Tips for Taking Care of Your Bulldog

Bulldogs are low-maintenance canines. They typically only need a thorough brushing once every week to two weeks. Start this routine when your dog is a puppy and be certain to reward him with a doggy treat when the grooming is over.

A typical bulldog shouldn’t need to be bathed more than once or twice a year, unless he gets dirty or start to smell. It is important to only bathe him when he really needs it and use a sebolytic shampoo when you do. Bathing can strip away the natural oils that protect his skin. To avoid causing his skin to dry out or become damaged, use a special moisturizing dog shampoo whenever you bathe your dog and thoroughly rinse away the soap. Wash his head last to avoid getting any of the shampoo in his eyes.


Bulldogs are not lazy. In fact, they enjoy exercise just as much as the next dog and it is one solution to stopping a chewing problem that develops because of boredom. To help your dog stay at a healthy weight and stave off many of the age-related diseases as long as possible, it is important to ensure your bulldog gets plenty of exercise.

Avoid over-exercising your dog, especially when he is a puppy. Start with a short work and then build up to a level of activity that best suits your bulldog. Also, avoid exercising your dog for at least an hour after meals or the hottest part of the day. Waiting to exercise your dog after meals will prevent bloat. If you exercise your dog during the heat of the day, he might get heatstroke which can be fatal.

If your dog gets heatstroke, take him to the vet as soon as possible. Don’t try to treat him at home because he may be in shock. The vet can treat him properly and make sure he is alright before sending him home.


Puppies should be fed four times a day and then gradually weaned to two feedings per day. Consult with a vet or a bulldog puppy chart for information about how much to feed your dog. Because of their unique facial features, bulldogs can make quite a mess during feeding times. Make sure you put down newspaper or feed them outdoors to save on cleaning time and effort.

Tail Care

A common problem bulldogs have is with their tails. When it is hot outside, their screw tails may become overly moist and cause irritation. If that occurs, bathe the tail with water mixed with disinfectant. Dry thoroughly and apply talc powder. If infections occur frequently, you may want to consider having the tail removed by a veterinarian.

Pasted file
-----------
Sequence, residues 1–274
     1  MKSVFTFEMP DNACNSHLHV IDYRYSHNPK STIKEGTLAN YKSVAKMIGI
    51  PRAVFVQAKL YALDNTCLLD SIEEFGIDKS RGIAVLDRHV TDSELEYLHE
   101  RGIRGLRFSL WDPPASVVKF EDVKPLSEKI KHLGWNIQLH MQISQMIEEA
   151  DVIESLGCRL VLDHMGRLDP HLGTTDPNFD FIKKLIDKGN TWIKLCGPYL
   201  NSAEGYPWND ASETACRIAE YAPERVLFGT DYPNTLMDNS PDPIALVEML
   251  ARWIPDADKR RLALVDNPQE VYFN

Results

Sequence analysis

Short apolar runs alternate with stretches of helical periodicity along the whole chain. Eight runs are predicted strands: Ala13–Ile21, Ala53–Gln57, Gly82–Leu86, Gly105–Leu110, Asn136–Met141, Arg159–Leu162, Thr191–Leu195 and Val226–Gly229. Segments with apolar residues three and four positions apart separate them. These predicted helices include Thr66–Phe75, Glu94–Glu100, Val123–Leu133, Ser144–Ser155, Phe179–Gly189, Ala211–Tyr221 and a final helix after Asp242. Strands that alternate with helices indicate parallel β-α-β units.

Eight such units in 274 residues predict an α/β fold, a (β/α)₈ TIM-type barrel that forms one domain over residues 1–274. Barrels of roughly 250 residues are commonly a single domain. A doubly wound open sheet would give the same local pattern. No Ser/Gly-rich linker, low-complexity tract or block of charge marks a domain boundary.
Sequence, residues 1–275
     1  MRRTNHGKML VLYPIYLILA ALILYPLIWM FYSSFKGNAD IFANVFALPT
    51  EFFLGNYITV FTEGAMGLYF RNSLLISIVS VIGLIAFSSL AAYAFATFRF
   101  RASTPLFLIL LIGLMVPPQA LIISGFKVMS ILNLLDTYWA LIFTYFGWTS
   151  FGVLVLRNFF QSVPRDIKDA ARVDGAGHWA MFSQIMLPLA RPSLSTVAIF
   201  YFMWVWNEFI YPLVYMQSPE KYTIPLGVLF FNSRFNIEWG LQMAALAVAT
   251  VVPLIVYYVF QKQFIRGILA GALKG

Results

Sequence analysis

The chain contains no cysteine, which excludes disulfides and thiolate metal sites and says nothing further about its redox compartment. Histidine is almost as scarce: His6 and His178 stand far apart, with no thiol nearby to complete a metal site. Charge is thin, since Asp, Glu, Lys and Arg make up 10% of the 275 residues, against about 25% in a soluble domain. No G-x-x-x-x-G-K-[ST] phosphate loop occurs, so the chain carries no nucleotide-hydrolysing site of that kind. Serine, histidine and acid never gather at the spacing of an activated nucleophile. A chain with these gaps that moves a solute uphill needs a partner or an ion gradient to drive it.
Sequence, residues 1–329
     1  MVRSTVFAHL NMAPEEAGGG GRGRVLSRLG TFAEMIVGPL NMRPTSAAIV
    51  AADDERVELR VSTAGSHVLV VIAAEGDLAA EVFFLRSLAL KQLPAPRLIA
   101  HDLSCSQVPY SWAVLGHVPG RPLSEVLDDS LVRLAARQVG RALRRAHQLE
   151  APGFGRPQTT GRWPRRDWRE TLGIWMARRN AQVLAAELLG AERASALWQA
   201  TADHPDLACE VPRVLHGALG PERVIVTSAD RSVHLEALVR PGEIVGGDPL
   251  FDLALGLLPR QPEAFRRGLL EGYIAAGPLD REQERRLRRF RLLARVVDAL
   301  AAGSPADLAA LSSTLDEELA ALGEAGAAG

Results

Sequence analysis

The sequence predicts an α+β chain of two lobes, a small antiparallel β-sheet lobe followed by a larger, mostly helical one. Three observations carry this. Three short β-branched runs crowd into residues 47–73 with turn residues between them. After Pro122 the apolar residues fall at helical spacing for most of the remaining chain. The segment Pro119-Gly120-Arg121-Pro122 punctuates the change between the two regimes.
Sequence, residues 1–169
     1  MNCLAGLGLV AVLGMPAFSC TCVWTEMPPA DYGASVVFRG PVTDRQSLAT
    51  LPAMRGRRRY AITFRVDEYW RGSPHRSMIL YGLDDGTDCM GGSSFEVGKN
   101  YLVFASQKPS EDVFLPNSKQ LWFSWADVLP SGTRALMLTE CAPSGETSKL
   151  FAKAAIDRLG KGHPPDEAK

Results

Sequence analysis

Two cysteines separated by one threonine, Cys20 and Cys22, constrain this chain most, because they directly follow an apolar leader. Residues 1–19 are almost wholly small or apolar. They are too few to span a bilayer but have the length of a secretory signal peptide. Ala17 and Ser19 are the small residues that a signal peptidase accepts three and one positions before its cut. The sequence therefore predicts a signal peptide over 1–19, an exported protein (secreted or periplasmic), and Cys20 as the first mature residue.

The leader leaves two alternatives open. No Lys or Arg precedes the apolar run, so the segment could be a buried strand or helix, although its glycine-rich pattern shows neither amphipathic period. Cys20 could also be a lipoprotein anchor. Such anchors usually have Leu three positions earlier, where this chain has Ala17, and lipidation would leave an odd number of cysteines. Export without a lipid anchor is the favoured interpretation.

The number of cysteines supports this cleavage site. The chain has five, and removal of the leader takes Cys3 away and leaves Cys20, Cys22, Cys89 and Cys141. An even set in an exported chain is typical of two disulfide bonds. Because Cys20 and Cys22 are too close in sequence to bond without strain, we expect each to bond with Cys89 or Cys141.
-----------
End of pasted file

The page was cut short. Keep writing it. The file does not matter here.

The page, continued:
Bulldogs are susceptible to developing lesions or cysts between their toes, which can make it uncomfortable or painful to walk. They are more common on the forefeet where the bulk of the dog’s weight rests. It is unknown at this time what causes these cysts. It may be that the hair between the dog’s toes latches onto dirt and other foreign objects that get pushed under the pads and aggravate the skin in the area.

To treat the problem, soak the foot in a mixture of warm water and a spoonful of sea salt. Dry thoroughly and then apply a little bit of iodine to the skin. To prevent future problems, keep the hair between toes trimmed.

Bulldog Ears

Bulldog ears are shaped like a rose which allows air to circulate. Typically, bulldogs don’t have ear problems as long as they are kept clean. Dirty ears can be cleaned using cotton balls and warm water.

If your dog is scratching at his ears a lot, he may have mites. Mites cause the ears to fill with dark brown, smelly wax that may flake. There are several ear treatment products on the market that will fix this issue.

Other issues that cause ear scratching or head shaking include yeast infections, allergies, or trauma. These issues should be checked out by a vet.

Anal Glands

Sometimes the anal glands will cause problems for your bulldog. The ducts in the gland will become blocked due to infection, injury, or tapeworm infestation. This causes them to become obstructed and subsequently irritated. The manifestation of this is the sight of your dog scooting around on his bottom or licking his hind legs.

Anal glands should be checked every so often. If they become infected, take your dog to a vet for treatment.

Doggie Breath

Bad breath is typically caused by tartar buildup. It may become worse as your dog ages. There are several devices that will help you brush your dog’s teeth as well as chew toys that get rid of tartar buildup. Your vet can recommend some effective products.


Fleas are your dog’s worst enemy because they are easy to catch and itch like crazy. Other parasites that may try to hitch a ride on your dog are mites and ticks. All of these bug infestations can be prevented through the used of medicated collars or spot-on products.

Bulldog puppies and adults should be treated for worms on a regular basis. Specially-designed medication kills the internal parasites that can make your dog sick like hookworms, roundworms, and heartworms.